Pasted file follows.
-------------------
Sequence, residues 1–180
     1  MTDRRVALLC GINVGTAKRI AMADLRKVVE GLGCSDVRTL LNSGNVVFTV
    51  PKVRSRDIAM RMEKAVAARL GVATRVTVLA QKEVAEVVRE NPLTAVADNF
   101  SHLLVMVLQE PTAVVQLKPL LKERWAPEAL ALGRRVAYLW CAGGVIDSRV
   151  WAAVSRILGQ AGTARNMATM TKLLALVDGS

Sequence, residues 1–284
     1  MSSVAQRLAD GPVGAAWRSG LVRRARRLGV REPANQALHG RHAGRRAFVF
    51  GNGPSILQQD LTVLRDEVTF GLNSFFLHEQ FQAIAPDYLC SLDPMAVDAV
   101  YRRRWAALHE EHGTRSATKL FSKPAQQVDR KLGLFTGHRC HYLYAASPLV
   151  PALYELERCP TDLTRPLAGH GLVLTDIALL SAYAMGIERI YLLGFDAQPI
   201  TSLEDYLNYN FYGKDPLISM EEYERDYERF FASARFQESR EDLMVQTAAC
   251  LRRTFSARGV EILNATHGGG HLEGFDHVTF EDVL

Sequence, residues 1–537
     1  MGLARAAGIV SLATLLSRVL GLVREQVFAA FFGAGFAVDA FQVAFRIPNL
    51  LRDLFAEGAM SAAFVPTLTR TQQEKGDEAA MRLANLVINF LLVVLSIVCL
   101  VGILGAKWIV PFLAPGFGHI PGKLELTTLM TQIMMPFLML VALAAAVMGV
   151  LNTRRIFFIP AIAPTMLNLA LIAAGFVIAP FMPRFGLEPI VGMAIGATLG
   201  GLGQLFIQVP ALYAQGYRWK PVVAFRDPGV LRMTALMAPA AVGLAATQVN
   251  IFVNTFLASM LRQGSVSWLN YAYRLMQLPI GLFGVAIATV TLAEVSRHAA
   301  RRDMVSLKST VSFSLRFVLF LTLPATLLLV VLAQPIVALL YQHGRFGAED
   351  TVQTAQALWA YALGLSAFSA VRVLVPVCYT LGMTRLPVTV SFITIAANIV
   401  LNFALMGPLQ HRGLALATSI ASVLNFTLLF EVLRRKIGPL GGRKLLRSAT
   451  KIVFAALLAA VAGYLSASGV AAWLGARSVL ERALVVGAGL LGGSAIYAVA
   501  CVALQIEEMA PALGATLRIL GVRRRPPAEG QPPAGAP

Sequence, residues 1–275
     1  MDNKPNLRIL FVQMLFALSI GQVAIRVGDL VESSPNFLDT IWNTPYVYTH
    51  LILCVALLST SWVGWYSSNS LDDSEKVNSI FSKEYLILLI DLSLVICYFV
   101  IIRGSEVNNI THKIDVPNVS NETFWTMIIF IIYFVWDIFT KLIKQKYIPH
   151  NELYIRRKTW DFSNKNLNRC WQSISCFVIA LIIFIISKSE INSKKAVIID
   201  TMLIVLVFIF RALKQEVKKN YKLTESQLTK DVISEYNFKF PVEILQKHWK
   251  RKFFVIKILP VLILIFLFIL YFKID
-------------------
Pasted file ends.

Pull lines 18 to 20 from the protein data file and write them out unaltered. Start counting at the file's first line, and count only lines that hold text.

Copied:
   201  GLGQLFIQVP ALYAQGYRWK PVVAFRDPGV LRMTALMAPA AVGLAATQVN
   251  IFVNTFLASM LRQGSVSWLN YAYRLMQLPI GLFGVAIATV TLAEVSRHAA
   301  RRDMVSLKST VSFSLRFVLF LTLPATLLLV VLAQPIVALL YQHGRFGAED